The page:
Tuesday, November 25, 2008

Hooray for birthdays!!!

Oh man, do I love birthdays. I love the celebration of one more year on this remarkable planet, all the things I saw and did this year, living in a community I love in a place I love and surrounded by people I love, and by my side through it all the most amazing partner any handcrafting, stair-falling, critter collecting, entrepreneurial dog- and art-geek ever could have imagined. This past year I made the leap into legitimate self-employment, the scariest thing I've ever done by far... and it's thanks to you that I'm able to do this remarkable thing. Every single day of my life I love going to work. In what assuredly ranks amongst the most cliched things I've ever written: I am the luckiest person in the world.
I had a hobby that just got completely out of hand. I fell into this business a little by accident and a lot because I love dogs. It's my birthday today, and I wanted to thank you all for the friendship, love, support, and encouragement you all have given me over the years. I've met a lot of incredible people and even more amazing dogs (and a few super-rad cats ;0) ) through this business; my life is infinitely richer in every intangible but thoroughly soul-fulfilling way for knowing you. Thank you from the bottom of my heart.

Every year during the summer I pick a load of those incredible Oregon blueberries and freeze them, so that in the full swing of chilly, rainy Autumn I can bake myself a birthday blueberry pie. The ever-practical Mr. Armadillo suggests that it's possibly not a good idea to tuck in a slice of sunny birthday blueberry pie with your gear, so all orders placed today will include a little birthday present in lieu. ;0)


Wednesday, November 19, 2008

Back at it!

Well, I made it home mostly uneventfully. My outgoing flight apparently moved much slower than expected and we almost didn't land in time for me and one other guy to make the connecting flight. We made a mad dash to the terminal and hopped on two minutes before the doors closed. Whew!

I'm back at the sewing machine as of 5:30 this morning and beginning to plow through a backlog of orders from the week. I won't be at the computer much through at least the next couple of days while I clear things up, so if you need to reach me quickly please feel absolutely free to give me a call at 541.520.5713. That's my cell, it's always near to hand so is the fastest way to reach me. This weekend is the opening of the Eugene Holiday Market at the fairgrounds, I've got that to get ready for as well, so I have a feeling the next five days are going to be a bit of a challenge!

Tuesday, November 18, 2008

This just in: thieves suck.

...the most.
It's my last day here in Minneapolis, and unfortunately my sister-in-law and I got a harsh reminder last night that for all its mid-west, Minnesota Friendly, people still occasionally suck here just as much as anywhere else.

First things first though, I have to admit this has been quite a trip. I'm not generally much for urban areas. Cities make me feel claustrophobic, and a little harried in all that hurry and asphalt. I'm surprised, though, how much I liked Minneapolis, right off the bat. The pet boutiques I visited, and the areas around them, were artsy without pretension, urbane without being supercilious. There are several lakes, a chain of them in fact, scattered right through the heart of the city--beautiful stretches of greenspace and getaway with over forty miles of foot- and bike path crisscrossing the city. As previously mentioned, the skyline is gorgeous at night, and the historic warehouse district (former home of General Mills and Pillsbury processing plants) still keeps the Gold Medal Flour marquee burning. The MIA and Walker museums are here, along with some of the most beautiful period homes I've seen.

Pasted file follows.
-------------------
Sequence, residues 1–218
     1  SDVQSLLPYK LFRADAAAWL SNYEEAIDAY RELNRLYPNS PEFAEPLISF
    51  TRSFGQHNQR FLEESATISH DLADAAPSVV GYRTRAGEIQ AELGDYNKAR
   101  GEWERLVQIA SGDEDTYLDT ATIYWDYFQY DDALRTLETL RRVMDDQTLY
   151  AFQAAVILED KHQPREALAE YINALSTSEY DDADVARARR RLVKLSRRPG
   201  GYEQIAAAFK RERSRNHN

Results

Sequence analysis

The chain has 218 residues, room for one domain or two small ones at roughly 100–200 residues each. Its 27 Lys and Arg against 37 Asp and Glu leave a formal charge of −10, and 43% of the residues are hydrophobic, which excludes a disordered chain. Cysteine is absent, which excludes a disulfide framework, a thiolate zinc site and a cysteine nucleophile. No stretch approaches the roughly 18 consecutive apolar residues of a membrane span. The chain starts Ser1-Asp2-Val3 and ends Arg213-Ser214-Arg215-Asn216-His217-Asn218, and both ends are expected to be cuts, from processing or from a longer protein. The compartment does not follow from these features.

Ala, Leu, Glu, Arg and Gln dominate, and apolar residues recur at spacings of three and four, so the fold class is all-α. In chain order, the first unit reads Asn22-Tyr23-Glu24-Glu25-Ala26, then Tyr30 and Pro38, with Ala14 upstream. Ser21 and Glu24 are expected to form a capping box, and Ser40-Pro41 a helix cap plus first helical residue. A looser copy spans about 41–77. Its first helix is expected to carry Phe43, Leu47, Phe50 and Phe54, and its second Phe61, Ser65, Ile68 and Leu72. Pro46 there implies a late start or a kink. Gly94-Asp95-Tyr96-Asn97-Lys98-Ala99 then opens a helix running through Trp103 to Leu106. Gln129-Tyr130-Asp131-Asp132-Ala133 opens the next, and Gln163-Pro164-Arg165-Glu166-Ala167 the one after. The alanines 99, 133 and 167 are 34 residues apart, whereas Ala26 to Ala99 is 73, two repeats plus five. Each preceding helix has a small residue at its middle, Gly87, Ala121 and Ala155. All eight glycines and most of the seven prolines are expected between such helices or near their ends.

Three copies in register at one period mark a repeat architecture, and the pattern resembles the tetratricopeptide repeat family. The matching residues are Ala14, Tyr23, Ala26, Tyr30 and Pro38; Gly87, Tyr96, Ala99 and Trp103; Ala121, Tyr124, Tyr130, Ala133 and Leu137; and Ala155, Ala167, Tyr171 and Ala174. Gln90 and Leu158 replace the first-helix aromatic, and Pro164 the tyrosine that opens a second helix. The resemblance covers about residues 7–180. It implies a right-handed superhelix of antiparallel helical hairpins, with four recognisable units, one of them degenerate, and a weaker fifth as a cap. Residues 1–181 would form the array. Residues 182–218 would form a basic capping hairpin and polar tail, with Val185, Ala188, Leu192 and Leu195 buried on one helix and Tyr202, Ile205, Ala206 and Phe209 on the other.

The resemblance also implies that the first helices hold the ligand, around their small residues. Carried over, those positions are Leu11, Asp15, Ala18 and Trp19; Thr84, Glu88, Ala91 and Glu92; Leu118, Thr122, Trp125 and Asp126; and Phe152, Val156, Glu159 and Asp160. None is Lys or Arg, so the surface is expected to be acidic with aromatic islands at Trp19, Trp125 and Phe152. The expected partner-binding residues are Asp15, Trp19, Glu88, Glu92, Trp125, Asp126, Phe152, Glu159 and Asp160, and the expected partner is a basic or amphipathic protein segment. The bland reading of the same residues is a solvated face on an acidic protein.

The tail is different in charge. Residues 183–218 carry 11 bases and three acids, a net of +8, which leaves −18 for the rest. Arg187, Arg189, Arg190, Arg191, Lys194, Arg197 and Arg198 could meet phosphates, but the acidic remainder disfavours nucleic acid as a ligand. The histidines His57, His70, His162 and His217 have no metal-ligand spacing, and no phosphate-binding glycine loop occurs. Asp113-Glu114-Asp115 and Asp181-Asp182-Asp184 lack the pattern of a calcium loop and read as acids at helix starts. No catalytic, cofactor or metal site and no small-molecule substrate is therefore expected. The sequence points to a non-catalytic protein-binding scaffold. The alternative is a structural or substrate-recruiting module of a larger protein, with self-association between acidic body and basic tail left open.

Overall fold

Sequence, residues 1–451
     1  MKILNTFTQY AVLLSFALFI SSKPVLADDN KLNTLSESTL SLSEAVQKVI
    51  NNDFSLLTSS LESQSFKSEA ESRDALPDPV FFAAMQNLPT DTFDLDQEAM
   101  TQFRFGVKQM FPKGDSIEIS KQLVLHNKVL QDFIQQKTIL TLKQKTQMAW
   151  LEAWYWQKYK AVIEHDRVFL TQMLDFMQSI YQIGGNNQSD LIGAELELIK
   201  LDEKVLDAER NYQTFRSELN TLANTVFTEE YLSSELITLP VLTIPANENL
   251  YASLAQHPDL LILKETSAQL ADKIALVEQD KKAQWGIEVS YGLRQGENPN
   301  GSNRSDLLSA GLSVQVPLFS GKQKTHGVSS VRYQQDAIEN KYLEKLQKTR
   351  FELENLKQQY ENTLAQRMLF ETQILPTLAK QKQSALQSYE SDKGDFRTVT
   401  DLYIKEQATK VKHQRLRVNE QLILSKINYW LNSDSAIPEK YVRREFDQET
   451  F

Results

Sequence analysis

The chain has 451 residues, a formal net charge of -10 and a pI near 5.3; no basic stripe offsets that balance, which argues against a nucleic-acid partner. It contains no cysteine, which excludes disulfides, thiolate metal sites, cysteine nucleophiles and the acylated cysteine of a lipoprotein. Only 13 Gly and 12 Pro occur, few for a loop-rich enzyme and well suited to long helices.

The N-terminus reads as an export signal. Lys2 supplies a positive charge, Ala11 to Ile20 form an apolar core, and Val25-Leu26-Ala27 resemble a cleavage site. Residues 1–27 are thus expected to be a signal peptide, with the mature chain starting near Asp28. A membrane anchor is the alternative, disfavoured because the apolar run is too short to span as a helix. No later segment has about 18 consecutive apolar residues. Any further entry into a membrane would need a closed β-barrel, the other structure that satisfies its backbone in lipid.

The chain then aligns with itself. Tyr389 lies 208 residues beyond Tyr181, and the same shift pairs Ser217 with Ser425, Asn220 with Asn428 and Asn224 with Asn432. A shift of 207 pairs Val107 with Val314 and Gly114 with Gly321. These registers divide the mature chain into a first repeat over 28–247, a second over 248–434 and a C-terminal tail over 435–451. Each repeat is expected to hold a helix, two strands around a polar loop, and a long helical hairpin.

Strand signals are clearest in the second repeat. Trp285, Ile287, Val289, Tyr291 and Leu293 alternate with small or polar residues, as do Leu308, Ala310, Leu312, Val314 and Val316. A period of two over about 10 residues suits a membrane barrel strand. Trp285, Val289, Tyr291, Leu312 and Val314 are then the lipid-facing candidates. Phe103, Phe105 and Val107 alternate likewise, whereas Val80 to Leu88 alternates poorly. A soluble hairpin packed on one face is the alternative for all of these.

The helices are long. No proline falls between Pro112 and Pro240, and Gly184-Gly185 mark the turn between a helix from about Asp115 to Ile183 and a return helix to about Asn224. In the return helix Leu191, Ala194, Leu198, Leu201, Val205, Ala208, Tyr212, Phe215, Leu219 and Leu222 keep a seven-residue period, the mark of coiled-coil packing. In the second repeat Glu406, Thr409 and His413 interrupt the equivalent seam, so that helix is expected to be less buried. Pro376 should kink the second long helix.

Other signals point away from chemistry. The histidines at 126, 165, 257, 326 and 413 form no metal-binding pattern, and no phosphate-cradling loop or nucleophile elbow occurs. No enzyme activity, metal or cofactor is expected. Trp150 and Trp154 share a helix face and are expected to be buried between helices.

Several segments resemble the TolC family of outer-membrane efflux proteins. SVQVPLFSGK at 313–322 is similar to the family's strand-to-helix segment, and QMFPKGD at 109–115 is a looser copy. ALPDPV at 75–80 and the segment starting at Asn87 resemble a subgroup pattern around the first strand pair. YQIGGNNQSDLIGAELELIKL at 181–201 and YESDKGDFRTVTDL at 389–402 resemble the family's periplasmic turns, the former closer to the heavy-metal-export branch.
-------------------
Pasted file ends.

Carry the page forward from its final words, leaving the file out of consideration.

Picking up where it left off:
Our trip to the northern Minnesota wilds was everything I could have hoped for, if far, far too short. No amount of time spent there is ever enough. I was incredibly fortunate to have married into a family of the most kind and caring folks I have ever known in my life, and spending a weekend every few years with them just doesn't even begin to approach enough. We arrived Friday around lunchtime and spent the rest of the weekend chatting, napping, laying around and enjoying the solitude, and stuffing ourselves silly with wild fish and game, Sharon's remarkable (secret recipe) coleslaw, blueberry pie and peach cobbler. The one downside to visiting this time of year is that we showed up right smack in the middle of the full swing of the two-week shooting season for deer, so long, early-morning runs in the Chippewa national forest which is their back yard were unfortunately out... both to avoid being plugged by an over-ambitious gun hunter and to avoid disturbing the hunt for people who hunt for subsistence, living year-round on what they're able to harvest in this short window of opportunity.